Sunday, February 18, 2018

The Rose Rustlers

Surfing Amazon at the end of last year (okay, looking for ways to spend Christmas money on Amazon), I was surprised and excited to find this recent (2017) publication by Greg Grant and William Welch.  I clicked it straight into my shopping cart and ordered it, anticipating an interesting history of rose rustling from the perspectives of the rustlers themselves.  Something preferably as enjoyable as one of my favorite reads, the 1989 page-turner In Search of Lost Roses, by Thomas Christopher.  Has it really been nearly 30 years since the latter was written?

What I got, in The Rose Rustlers, was indeed an interesting historical outlook on the criminal rose enterprises of Texans that lead ultimately to the foundation of the Antique Rose Emporium, but after the first couple of chapters, it was not quite the engaging read I was looking for.  I suppose I'm just being too picky, and I'm biased by my preference for gardening essays that are more about the philosophy and lifestyle of gardening than the practice of gardening.  The quality of the photographs and detail of the book were fabulous, but it was a struggle to get all the way through.  The book did start out well, with chapters on Noted Rose Rustlers, Bill Welch himself, The Texas Rose Rustler organization, and the Antique Rose Emporium, but then it bogged down, for me, into a number of chapters on the favorite roses of the authors and their rose gardens themselves.  These would have been okay if the roses were unknown to me, but many are old friends and I didn't learn much in the remainder of the book that was helpful.  Particularly not much in light of my need to stay with Rugosas here on my home ground while I fight the losing battle against Rose Rosette Disease.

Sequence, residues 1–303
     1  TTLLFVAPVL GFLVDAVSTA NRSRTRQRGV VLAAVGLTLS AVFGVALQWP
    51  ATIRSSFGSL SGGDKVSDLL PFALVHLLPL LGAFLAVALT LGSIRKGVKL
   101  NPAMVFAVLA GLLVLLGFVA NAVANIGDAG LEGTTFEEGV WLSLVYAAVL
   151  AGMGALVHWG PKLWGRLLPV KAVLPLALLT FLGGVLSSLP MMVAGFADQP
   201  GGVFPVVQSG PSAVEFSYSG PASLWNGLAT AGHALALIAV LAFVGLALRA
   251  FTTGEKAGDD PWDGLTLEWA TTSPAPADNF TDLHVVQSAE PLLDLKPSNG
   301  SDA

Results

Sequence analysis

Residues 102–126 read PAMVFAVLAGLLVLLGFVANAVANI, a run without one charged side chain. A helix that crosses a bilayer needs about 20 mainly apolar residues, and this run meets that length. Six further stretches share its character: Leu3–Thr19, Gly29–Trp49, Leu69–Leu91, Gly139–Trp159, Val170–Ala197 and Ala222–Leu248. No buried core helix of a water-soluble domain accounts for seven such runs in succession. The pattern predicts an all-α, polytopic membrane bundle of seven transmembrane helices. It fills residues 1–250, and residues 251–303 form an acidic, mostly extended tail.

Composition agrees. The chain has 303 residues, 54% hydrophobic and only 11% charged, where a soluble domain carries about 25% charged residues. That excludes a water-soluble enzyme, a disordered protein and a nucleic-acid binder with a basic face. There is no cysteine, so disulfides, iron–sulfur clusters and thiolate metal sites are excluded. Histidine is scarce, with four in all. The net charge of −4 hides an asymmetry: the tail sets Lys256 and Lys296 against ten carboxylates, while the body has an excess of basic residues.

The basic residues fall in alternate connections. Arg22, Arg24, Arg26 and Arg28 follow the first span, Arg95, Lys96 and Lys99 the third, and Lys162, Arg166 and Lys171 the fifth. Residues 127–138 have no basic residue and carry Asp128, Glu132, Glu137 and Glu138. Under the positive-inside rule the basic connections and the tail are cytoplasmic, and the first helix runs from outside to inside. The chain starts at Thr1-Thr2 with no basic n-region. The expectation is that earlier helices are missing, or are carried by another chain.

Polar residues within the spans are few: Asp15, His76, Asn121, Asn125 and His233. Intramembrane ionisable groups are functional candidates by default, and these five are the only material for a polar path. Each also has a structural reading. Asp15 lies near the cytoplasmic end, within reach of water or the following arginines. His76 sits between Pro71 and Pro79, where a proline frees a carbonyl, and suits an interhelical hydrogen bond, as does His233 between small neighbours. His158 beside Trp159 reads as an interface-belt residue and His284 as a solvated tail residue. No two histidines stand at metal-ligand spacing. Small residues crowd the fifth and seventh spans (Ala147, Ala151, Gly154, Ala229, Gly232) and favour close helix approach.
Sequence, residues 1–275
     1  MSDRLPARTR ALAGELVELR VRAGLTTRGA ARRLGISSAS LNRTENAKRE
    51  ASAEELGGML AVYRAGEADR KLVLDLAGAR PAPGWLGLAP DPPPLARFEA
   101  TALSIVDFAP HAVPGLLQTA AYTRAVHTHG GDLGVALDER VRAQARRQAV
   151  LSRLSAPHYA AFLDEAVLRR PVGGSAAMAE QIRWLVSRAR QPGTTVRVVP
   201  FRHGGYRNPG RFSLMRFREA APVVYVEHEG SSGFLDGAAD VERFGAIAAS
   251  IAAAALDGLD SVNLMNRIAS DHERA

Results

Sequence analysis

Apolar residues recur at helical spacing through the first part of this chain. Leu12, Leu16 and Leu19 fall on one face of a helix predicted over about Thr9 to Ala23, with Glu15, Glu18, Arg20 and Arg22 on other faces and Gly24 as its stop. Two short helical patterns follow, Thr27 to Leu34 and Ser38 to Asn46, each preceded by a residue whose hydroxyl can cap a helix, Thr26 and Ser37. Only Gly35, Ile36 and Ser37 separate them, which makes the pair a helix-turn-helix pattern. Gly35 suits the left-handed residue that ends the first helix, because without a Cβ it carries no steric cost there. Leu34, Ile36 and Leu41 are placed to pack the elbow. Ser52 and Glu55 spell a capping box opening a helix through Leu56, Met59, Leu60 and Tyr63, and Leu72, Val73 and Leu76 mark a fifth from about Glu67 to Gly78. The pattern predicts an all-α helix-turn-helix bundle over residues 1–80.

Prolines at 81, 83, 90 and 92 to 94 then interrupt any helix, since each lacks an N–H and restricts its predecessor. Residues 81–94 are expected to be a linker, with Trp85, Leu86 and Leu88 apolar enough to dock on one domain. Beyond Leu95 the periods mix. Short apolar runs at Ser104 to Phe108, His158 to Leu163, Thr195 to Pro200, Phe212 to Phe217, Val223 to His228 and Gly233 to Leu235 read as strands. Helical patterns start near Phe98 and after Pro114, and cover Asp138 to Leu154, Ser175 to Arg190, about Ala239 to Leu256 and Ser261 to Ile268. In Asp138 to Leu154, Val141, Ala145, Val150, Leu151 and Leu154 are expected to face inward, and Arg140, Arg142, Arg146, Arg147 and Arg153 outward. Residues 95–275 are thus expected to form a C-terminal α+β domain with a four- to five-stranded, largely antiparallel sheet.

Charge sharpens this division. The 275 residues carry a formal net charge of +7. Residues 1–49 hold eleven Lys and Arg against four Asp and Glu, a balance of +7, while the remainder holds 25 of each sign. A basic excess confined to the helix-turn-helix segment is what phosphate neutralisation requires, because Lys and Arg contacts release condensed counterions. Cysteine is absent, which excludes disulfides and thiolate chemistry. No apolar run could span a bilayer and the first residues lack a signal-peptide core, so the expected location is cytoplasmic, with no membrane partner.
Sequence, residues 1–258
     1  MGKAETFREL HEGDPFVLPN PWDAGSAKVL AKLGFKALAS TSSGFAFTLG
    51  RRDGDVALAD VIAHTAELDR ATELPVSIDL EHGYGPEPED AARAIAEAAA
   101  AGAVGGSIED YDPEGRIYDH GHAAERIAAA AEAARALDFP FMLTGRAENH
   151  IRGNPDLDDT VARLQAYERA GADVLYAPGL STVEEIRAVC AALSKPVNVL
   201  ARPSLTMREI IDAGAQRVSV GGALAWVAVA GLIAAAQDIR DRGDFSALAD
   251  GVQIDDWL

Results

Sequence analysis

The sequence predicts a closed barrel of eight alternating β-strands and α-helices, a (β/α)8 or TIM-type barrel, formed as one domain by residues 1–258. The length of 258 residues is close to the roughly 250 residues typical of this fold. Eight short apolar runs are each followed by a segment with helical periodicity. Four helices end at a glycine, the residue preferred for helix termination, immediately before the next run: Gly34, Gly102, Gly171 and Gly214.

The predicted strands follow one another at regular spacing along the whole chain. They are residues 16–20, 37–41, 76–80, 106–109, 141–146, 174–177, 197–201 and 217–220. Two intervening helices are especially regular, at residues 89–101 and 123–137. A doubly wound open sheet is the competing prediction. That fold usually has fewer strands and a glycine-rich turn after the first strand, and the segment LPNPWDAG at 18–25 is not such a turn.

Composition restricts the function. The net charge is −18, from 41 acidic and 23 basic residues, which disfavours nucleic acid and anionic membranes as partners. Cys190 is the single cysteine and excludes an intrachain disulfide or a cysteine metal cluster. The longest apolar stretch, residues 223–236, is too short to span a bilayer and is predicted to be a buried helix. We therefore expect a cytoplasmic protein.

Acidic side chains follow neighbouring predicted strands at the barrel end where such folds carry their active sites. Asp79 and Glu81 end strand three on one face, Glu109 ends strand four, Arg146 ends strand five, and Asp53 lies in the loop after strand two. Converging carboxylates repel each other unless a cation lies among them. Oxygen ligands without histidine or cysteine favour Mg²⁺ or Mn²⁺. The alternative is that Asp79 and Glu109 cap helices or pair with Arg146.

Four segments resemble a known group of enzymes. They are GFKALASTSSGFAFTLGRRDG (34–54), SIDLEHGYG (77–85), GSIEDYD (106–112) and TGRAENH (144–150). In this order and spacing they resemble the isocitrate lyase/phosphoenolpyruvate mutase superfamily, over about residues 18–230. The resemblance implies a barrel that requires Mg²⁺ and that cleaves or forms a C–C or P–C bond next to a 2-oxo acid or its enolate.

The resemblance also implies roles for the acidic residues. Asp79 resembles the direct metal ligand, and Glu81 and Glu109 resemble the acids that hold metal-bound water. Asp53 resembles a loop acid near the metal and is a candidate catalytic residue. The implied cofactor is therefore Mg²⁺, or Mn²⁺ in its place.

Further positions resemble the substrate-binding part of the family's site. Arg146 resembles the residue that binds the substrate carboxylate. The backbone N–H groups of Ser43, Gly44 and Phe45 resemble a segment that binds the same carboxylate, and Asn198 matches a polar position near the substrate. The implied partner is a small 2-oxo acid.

Spend money, if you want, on this book for the great photography, numerous examples of roses in the landscape, or the history behind the movement of rose rustling.  But if you want a nice fireside read, one more difficult to put down and be distracted away from, then pick up a copy of In Search of Lost Roses instead.  Sorry, but as I'm happy to disclose, my favorite gardening books are still mostly essays;  Thomas Christopher as mentioned, Michael Pollan (Second Nature), Henry Mitchell (any of his works), Sydney Eddison (A Passion for Daylilies), Mirabel Osler (A Breath from Elsewhere), Allen Lacy, or Beverley Nichols.  These are the classics that keep me thinking of spring gardens while in winter's grasp.

Monday, January 29, 2018

Fake Blogs in Winter

There is, in my mind, no sustaining solace in the drab brown of a Flint Hills' winter.  Oh, I could ramble about for a few paragraphs extolling the virtues of the subtle hues of amber and gold and taupe in my winter landscape, but then that would be "Fake Blogging."  Just as "Fake News" has joined the lexicon of our political debates, "Fake Blogs" should be called for what they are; ill-conceived attempts to paint pictures that don't really exist.  Fake blogs wax eloquent the delicate beauties of bark when there are no flowers or foliage to distinguish one ice-laden tree from another.  Fake blogs discuss the delicate dancing of grasses as a blizzard bears down and smothers the garden.  Fake blogs pretend that browsing glossy garden catalogs is a suitable substitute for the feel of warm earth in your hands. 

I wait in January, interminably it seems, for the smallest, briefest indication that Spring is coming.  A flash of blue from a bluebird, a hint of green in the rushes, and my heart beats faster and my spirits lift.  Difficult to find, those moments, as Yoda would say.  When the snow melts, there is a brief period on the prairie when the grasses have enough remaining moisture to display their mahogany and umber undertones.  Then dry in a twinkling, the rolling hills of brown stretch to the horizon, dead grasses blending individual hues to a bland carpet of boring.  Life is color, death is drab.